Zaid: I’m not angry, just disappointed with ‘arrogant’ DAP leaders

Zaid Ibrahim has defended his description of DAP as a Chinese party.

KUALA LUMPUR: Saying he has a natural talent for courting controversy, with regards to a tweet which he said had been misunderstood, DAP member Zaid Ibrahim today said things that will attract even more criticism.

He said in a blog post that he was not angry with DAP for not fielding him as a candidate in the coming general election, only disappointed. Zaid then went on to say he was unhappy with the attitude shown by the DAP leadership, even going to the extent of calling it “arrogant”.

The former minister said when he tweeted, last week, that a Chinese party had made known its ministerial candidates (from their members contesting in Ayer Hitam and Teluk Intan), and lamented that the Malay parties in Pakatan Harapan had remained quiet about theirs, he was merely pointing out the difference in behaviour between the Chinese and the Malays. The former, he said, openly expressed whom they wanted as ministers but the Malays tended to be shy and reticent.

He said he was criticised by people for making this statement, with some calling him a racist and others saying he had said this in retaliation against DAP for not selecting him as a candidate.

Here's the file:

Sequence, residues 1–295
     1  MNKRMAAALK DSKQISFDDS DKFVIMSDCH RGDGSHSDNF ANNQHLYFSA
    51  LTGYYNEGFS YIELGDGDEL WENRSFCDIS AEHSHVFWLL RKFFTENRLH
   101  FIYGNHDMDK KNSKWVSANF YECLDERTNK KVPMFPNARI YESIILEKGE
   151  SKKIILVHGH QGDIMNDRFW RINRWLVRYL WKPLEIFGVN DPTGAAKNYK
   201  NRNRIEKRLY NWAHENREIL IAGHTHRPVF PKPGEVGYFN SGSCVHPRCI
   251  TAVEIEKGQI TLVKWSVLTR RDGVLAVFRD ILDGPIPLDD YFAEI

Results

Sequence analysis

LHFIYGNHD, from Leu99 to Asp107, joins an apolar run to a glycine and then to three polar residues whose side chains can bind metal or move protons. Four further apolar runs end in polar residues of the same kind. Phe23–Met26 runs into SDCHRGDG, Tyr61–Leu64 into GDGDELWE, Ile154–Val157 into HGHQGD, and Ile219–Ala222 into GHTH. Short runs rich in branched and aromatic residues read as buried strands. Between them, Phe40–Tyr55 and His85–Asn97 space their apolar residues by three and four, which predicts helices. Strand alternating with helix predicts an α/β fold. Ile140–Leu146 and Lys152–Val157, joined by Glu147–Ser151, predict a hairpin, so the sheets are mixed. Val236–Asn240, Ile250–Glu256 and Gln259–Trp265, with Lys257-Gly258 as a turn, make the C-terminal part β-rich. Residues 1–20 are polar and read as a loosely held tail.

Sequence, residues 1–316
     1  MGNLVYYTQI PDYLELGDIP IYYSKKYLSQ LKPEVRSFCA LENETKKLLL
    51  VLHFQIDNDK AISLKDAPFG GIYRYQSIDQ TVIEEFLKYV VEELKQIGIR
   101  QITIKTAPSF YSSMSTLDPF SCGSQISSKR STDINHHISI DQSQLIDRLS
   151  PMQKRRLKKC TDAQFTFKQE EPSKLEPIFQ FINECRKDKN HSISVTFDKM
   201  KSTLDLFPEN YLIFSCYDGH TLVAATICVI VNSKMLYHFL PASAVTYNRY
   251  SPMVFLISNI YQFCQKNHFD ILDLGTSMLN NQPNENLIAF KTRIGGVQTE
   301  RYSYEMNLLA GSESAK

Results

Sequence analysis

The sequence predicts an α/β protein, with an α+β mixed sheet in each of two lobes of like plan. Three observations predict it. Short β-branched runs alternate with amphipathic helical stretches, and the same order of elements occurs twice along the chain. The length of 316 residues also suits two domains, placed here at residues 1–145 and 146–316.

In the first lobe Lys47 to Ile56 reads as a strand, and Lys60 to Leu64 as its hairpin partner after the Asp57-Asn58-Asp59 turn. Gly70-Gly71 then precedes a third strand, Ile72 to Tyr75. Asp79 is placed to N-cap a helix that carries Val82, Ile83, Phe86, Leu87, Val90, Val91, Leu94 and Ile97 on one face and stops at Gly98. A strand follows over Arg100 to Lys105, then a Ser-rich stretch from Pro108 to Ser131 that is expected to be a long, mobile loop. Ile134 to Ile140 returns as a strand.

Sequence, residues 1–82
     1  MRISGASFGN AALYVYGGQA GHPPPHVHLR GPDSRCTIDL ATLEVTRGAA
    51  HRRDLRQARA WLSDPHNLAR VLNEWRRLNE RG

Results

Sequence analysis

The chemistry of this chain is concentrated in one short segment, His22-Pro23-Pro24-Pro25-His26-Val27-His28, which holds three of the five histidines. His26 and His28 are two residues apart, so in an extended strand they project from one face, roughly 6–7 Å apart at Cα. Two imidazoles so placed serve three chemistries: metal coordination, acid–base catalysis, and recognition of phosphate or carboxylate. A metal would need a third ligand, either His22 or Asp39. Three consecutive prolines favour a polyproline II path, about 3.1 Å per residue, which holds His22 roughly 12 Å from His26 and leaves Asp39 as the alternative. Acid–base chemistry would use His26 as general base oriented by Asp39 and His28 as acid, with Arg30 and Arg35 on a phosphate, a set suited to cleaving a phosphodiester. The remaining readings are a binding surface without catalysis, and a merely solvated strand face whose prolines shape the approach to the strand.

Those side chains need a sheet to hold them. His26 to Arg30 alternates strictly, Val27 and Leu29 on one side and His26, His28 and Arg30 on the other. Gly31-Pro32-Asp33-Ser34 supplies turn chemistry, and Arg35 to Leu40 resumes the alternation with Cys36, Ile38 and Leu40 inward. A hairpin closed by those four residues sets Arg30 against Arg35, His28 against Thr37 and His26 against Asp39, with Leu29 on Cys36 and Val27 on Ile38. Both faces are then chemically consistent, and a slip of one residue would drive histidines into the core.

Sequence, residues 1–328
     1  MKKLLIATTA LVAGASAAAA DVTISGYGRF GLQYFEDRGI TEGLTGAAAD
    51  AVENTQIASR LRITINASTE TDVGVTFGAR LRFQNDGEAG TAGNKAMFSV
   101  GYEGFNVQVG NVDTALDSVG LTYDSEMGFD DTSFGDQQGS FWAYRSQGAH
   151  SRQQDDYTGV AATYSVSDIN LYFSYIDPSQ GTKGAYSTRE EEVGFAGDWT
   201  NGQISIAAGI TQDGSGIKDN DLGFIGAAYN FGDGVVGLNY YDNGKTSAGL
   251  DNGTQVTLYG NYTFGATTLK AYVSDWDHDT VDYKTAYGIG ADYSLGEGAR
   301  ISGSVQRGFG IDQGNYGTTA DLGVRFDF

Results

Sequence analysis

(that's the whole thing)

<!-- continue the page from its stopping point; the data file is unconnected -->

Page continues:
“Firstly, calling DAP a Chinese party is not the same as saying DAP is a racist party. Sometimes, when we describe Gerakan as a Chinese party or Umno as a Malay party, we are making a largely accurate description of both. It’s true that Gerakan has some non-Chinese members and Umno has some Kadazans, but ethnically they are largely monolithic in character. Why then, is calling DAP a Chinese party offensive?”

“Secondly, I was not at all angry with DAP for not fielding me as a candidate. Disappointed yes, but not to the extent of wanting to retaliate in the way some people thought I was doing with my tweet.”

Zaid said he had been offered the Gelang Patah seat 12 months ago by DAP, but that three months later he was told the offer was “conditional on something else”. He did not say what the condition was.

“It was later withdrawn. Then a second-liner in the DAP leadership told me that I could go to Bentong if I was interested. I said it was not a constituency that was suitable for me. I am not a giant killer and have limited resources since I have been unemployed for the last eight years.

“There was total silence on the subject of the election and seat allocation in the last six months. In fact, I was not very involved in the party’s activities. When I sent a text message on March 27 this year to the party’s key men to ask if there would be any seat for me to contest, I was not even granted the courtesy of a reply. So it’s not the issue of not having a seat that bothered me, but the attitude that was shown.”

Using what happened to him as an example, Zaid extrapolated that what was lacking in the Malay-Chinese relationship at the political level was the right balance of civility and respect.

“The problem with MCA was that they became too compliant and submissive in their relationship with Umno, and that’s why they lost the support of the Chinese. I am now equally convinced that the arrogance of the DAP leadership will never secure them deep Malay support. Somewhere in between lies the right balance that I was trying to find.

“Anyway, I hope DAP leaders do not try to prolong this matter and stop telling people that I was offered a seat which I then refused.” Zaid said he, too, would not broach this subject again, adding the important thing was for solidarity to ensure victory for the opposition.